Did you meet Hugh Laurie? Seriously, sounds nasty, hope you're better now. On the subject of 'culture wars'. There's a theory which i find quite intriguing, that Joseph Stalin unleashed the Great Terror in the 1930s, when people started discovering that he had at one stage been an informer of the Tsarist secret police, betraying fellow bolsheviks for the sake of personal enrichment. More concretely, we know that Lenin was essentially a German spy, being placed like a 'bacillus'* on a sealed train which passed through Germany on its way to Petrograd in April 1917. Well, what also interests me, is the idea that in the person of Marie Stopes, we are also dealing with someone who was in fact a German, though in her case also a nazi, spy. Not only did she attend a nazi 'population control' congress in Hitler's Germany, and not only did she actually write love poetry to the fuhrer, but she studied for her Phd (in Palaeobotany) at the University of Munich. Her work of destroying the moral as well as physical essence of our nation, by the method of destroying our unborn children, continues with brutal efficiency to this day. In fact one could almost say that she makes the soviets look amateurish.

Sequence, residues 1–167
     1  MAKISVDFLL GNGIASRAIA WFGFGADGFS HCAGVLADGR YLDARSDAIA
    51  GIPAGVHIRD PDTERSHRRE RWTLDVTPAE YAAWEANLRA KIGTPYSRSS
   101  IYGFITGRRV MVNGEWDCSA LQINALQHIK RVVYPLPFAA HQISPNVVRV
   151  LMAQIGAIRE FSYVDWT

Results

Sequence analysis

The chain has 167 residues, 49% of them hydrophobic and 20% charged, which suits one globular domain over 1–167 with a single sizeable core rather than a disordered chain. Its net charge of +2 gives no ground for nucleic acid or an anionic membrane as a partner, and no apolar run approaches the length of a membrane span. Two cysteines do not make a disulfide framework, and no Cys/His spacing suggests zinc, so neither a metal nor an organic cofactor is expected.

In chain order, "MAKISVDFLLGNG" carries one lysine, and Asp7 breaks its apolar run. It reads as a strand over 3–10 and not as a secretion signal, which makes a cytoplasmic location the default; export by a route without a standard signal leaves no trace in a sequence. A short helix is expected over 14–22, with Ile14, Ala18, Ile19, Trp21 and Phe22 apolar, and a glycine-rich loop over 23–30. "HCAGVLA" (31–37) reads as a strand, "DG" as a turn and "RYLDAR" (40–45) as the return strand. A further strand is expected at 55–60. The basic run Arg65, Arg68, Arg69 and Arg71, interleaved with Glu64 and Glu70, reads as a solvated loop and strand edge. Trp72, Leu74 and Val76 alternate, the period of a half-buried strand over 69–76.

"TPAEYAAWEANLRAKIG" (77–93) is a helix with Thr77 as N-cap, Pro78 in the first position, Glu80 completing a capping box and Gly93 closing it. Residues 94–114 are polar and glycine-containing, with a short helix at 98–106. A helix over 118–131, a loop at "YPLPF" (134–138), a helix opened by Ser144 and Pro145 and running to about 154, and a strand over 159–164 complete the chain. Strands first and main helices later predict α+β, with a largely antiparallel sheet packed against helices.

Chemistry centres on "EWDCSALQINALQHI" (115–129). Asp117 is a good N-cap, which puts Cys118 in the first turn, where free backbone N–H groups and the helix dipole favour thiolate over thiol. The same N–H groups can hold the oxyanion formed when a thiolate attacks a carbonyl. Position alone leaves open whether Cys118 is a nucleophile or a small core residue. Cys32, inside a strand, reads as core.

*not sure if this was Robert Hamilton Bruce Lockhart's expression.

  • Comment number 50.

    40.At 22:57 2nd May 2012, Scotch Git wrote:

    #29

    puretruthseeker,

    "Christianity corrected the apostasy of Judaism."


    You remind me of an Episcopalian cleric who told me, in all seriousness, that "A Christian is a fulfilled Jew. A Jew is an unfulfilled Christian."


    Arrogant nonsense. Judaism stands alone, and has no need for Christianity. Not then. Not now."
    **
    Well, I don't see apostasy connected to Judaism, but as a Christian I do see Jesus, as Messiah, to be a fulfillment of Jewish prophecy and all our Christian traditions to be rooted in Judaism.

  • Comment number 51.

    @49. Theophane,
    Hello!
    Thank you for your post.I have to admit I've seen the name "Marie Stopes" but had never read about her life.I guess our own Margaret Sanger took up much reading time & resulting revelations.
    This particular thread being about America & Culture Wars, I saw this incredible series of articles from the Winston Salem, North Carolina newspaper:

    " Lifting the Curtain On a Shameful Era "
    Thousands were sentenced to sterilization during rubber-stamp hearings in Raleigh
    By Kevin Begos
    JOURNAL REPORTER

    They were wives and daughters. Sisters. Unwed mothers. Children. Even a 10-year-old boy. Some were blind or mentally retarded. Toward the end they were mostly black and poor. North Carolina sterilized them all, more than 7,600 people.
    For more than 40 years North Carolina ran one of the nation's largest and most aggressive sterilization programs. It expanded after World War II, even as most other states pulled back in light of the horrors of Hitler's Germany.